Growing up in a liberal community outside of Washington, D.C., Cindy Kane began her artistic life as a drawer. “I always had my hand on a pen,” she said. She is now a painter, but said aspects of her early art are still present in her work today. “My art has always been narrative, never abstract,” she said. “I’ve always been a storyteller in my paintings.”

She has no formal training, only her own experiences to guide her. She graduated from high school one year early and followed a boyfriend to Austin, Tex., with promises to her parents that she would enroll, as he was, in college. Instead, she travelled with her boyfriend, an avid spelunker, to Mexico where together they mapped Indian caves. “Those ancient shapes followed me in my visual art for years,” she said.

She swears she was never a student, but the claim is evidently false. Her kitchen has more books than spices, newspapers lie on the table where place mats should be and her car radio is always tuned to NPR. She speaks with insatiable curiosity and is well informed on everything from the history of her Vineyard Haven property (it was once a horse farm) to the state of affairs in Iraq. School may have not been from her, but learning was. And so she traveled from Mexico to Belize and Guatemala, soaking up everything she could along the way. Then she began what she calls her urban life. She moved to Paris for a year and then to Berkeley, Calif., where her life as a professional artist got its start. “This was all during the Reagan years,” she said. “They were great years to be in the art world with all the corporate money.”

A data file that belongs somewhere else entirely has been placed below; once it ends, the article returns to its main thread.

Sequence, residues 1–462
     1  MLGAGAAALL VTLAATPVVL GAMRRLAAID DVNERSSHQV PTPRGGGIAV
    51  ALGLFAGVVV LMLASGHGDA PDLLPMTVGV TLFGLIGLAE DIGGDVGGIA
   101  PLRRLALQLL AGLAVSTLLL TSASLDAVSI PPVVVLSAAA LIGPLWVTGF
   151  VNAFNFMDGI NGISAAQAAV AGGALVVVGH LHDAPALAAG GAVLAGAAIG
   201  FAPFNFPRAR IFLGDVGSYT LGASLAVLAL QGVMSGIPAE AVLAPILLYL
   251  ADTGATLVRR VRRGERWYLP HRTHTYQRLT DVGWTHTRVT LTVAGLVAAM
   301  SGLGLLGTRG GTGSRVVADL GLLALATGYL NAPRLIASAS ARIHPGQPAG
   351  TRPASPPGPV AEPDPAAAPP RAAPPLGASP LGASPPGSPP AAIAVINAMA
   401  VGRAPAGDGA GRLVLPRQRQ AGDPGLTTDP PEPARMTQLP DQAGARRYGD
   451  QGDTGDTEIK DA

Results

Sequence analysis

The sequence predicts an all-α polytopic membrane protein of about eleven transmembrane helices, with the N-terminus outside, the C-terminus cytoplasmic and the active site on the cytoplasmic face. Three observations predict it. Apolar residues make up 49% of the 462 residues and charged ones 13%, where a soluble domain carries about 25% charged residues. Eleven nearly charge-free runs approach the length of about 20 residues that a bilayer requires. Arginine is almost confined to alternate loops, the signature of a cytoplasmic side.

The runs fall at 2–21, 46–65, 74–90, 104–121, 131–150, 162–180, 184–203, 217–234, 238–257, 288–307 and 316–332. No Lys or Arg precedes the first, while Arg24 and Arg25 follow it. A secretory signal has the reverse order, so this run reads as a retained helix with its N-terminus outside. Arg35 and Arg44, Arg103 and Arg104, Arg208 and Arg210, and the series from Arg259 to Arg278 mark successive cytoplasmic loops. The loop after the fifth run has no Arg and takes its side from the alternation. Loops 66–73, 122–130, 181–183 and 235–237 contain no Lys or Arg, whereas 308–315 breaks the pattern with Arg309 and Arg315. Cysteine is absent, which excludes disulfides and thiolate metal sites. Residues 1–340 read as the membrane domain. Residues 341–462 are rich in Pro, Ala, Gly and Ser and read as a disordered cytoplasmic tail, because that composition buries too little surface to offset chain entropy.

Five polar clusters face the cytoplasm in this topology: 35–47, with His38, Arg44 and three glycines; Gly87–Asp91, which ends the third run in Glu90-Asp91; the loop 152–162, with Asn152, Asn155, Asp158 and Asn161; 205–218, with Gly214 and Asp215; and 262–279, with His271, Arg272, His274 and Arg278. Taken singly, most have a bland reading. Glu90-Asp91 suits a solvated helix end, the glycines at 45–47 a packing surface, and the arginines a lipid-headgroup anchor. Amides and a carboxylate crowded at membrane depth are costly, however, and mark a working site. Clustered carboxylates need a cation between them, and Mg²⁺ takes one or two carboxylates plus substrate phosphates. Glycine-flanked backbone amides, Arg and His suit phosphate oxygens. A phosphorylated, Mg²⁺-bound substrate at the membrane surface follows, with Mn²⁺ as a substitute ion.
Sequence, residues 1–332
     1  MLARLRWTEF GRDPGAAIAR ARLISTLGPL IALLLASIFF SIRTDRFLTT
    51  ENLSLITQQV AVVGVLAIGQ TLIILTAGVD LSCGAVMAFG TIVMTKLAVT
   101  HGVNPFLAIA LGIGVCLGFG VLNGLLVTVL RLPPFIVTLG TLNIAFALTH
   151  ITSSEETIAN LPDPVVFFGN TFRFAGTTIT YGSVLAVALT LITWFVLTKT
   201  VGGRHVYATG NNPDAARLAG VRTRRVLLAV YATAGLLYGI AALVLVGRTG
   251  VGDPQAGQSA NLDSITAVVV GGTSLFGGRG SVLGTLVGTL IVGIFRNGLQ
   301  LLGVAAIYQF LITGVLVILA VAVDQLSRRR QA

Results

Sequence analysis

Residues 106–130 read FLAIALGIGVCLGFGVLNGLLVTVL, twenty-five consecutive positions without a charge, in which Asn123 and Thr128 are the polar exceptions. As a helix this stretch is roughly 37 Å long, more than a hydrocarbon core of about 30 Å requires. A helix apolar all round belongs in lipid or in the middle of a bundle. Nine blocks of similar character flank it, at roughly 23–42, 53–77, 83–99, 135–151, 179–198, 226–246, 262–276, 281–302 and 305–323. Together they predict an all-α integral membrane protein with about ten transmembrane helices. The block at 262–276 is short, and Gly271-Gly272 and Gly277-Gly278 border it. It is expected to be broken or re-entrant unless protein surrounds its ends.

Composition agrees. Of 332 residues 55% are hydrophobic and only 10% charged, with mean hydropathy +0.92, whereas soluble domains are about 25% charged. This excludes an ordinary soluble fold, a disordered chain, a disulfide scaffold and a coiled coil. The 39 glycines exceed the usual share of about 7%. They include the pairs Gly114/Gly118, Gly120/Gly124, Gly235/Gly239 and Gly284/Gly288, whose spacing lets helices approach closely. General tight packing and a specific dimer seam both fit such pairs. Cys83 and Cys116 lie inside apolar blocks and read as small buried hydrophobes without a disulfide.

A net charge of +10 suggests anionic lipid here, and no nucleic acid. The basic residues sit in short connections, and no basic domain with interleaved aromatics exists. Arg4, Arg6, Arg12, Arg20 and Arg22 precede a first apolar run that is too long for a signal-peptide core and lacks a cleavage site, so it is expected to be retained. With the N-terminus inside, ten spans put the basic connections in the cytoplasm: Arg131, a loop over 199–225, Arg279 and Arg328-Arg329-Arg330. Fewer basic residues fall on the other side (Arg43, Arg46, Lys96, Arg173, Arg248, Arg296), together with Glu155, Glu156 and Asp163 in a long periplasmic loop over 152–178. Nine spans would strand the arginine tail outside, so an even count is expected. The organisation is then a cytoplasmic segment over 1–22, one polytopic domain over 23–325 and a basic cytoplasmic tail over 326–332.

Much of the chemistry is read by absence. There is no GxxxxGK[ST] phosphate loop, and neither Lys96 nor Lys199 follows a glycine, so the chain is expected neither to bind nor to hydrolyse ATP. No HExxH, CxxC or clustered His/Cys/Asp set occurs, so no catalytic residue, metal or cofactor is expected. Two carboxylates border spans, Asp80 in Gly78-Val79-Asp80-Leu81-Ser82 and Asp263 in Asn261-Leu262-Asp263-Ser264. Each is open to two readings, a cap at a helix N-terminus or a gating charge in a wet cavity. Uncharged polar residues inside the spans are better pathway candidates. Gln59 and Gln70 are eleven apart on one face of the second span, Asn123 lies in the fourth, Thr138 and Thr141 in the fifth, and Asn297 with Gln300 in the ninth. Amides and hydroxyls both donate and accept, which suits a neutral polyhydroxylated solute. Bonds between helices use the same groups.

From California, she moved to New York city and took up residence on a house boat with her husband. They had a daughter there and, when she was three, the couple decided they were ready for small town life. Neither had visited Martha’s Vineyard before and they knew no one here, but they decided to check it out. “We felt we belonged here when we first stepped foot on the ferry,” Ms. Kane said. They arrived on Island and their first night here, they placed an offer on a house. The family — there are four of them now — still lives in that house. Ms. Kane has her studio there and her husband, a carpenter, has his below it. Their children go to the Island schools. “We had an immediate, intuitive bond with the place itself,” Ms. Kane said.